Jane shook her head.

“Would you like to try a different boyfriend?” Bob the Therapist asked.

Jane shook her head again. She was crying.

“Are you hungry?” Bob the Therapist asked.

Jane sniffed, wiped her eyes with her fists, then shook her head.

“Do you want me to leave you alone while you cry?” Bob the Therapist asked.

Jane nodded then, voice broken by sobs, said, “No. Don’t go. Don’t leave me here.”

Reluctantly, Jane laughed.

Her hand relaxed a little and she flexed her fingers and wiped her eyes again.

“Can we talk about . . . ?” Jane started. She shook her head.

Bob the Therapist waited.

Jane took a deep breath, a hand on her chest as though she could somehow push on her heart to make it stop beating so fast.

Bob the Therapist said, “I’d be happy to—”

“Just let me go,” Jane said to the ceiling. Then she had to clench her teeth again. She wanted to scream, but didn’t. She used to scream, but it echoed in the little concrete cell and hurt her ears. She hadn’t screamed in a long time.

“Were do you want me to let you go?” Bob the Therapist asked again. His voice sounded exactly the same.

Shaking her head, Jane replied, “Anywhere. Just let me out of here. Let me find someplace . . . Figure out where I am.”

There was a moment of silence.

“Please?” Jane asked, hoping she sounded sincere enough.

Then she just sat there, waiting, for a long time—or what felt like a long time.

“That wouldn’t be safe,” Bob the Therapist said finally.

“For who?” Jane shot back, staring up at the ceiling. She clenched her fists again.

“Do you know what a cougar is, Jane?” Bob the Therapist asked.

Jane sighed and shook her head. “An old lady who—”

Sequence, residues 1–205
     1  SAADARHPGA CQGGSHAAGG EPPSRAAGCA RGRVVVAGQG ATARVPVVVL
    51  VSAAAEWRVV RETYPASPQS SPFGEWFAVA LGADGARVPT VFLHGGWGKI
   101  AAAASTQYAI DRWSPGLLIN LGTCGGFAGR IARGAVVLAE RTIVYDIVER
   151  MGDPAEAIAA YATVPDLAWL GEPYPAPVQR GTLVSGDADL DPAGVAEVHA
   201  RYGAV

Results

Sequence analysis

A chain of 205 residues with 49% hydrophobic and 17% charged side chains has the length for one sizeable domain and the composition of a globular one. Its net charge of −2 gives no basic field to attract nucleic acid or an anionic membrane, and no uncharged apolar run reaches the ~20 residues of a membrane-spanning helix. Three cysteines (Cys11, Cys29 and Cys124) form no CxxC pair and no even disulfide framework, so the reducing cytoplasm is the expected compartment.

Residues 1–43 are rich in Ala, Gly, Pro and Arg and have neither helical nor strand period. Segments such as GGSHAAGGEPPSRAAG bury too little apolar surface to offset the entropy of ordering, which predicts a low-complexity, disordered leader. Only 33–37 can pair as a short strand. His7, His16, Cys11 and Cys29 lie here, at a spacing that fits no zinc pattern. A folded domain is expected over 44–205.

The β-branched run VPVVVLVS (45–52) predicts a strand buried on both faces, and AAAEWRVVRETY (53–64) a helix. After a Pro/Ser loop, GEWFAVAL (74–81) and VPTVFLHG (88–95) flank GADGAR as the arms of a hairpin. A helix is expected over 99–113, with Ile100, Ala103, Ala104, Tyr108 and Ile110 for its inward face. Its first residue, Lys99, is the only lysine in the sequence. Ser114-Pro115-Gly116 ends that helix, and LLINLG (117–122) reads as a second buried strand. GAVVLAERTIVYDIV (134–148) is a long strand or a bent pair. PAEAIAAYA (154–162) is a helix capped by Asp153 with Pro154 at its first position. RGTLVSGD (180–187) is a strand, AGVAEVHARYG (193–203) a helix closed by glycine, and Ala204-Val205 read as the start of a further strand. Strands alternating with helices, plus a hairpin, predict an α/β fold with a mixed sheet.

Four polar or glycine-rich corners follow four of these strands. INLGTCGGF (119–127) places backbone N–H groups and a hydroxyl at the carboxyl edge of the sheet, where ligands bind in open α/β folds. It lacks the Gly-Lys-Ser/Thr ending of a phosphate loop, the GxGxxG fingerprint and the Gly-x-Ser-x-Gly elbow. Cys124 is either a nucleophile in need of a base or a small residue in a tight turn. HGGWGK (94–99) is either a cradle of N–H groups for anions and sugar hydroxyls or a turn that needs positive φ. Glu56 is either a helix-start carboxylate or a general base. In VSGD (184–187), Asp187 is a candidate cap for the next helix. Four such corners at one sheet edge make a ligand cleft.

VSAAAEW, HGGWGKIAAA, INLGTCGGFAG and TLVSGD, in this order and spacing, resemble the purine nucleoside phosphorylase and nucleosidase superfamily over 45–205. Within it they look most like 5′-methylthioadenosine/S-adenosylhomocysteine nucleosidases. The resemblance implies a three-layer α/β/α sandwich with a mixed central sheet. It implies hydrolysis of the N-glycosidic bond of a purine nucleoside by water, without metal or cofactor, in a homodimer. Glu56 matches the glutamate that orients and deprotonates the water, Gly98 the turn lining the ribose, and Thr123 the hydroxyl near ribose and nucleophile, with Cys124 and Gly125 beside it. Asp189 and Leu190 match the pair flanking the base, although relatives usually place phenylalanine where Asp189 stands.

“No,” Bob the Therapist interrupted. “How about a mountain lion. Do you know what a mountain lion is?”

Jane shook her head. “You’re just trying to confuse me.”

“No, Jane,” Bob the Therapist replied. “I’m not trying to confuse you, I’m trying to help you see that you’re confused.”

Jane’s neck went weak and she let her face fall into her hands, her elbows propped on her knees.

“Do you know what a grizzly bear is, Jane?” Bob the Therapist asked.

Her face still in her hands, Jane mumbled, “Just stop. Just stop this.”

“How about another try at a boyfriend?”

Her face still in her hands, Jane shook her head. “Just let me out of here,” she said.

“Do you know what a puppy is, Jane?” Bob the Therapist asked.

Jane leaned back, letting her hands fall to her sides. Eyes still closed she said, “You know I don’t.”

“Ah,” Bob the Therapist said, and Jane thought he sounded happy, Happier, anyway. “I think you’re going to like this.”

Jane didn’t open her eyes. She just shook her head and started to cry again.



—Philip Athans


About Philip Athans

Philip Athans is the New York Times best-selling author of Annihilation and a dozen other books including The Guide to Writing Fantasy and Science Fiction, and Writing Monsters. His blog, Fantasy Author’s Handbook, ( is updated every Tuesday, and you can follow him on Twitter @PhilAthans.
This entry was posted in Books, characters, freelance writing, how to write fantasy, how to write fiction, how to write horror, how to write science fiction, indie publishing, Publishing Business, Science Fiction & Fantasy Novels, Science Fiction Story, SF and Fantasy Authors, Story Structure, transmedia, Writing, writing advice, writing fantasy, writing horror, writing science fiction, Writing Science Fiction & Fantasy and tagged , , , , , , , , , , , , , , , , , , . Bookmark the permalink.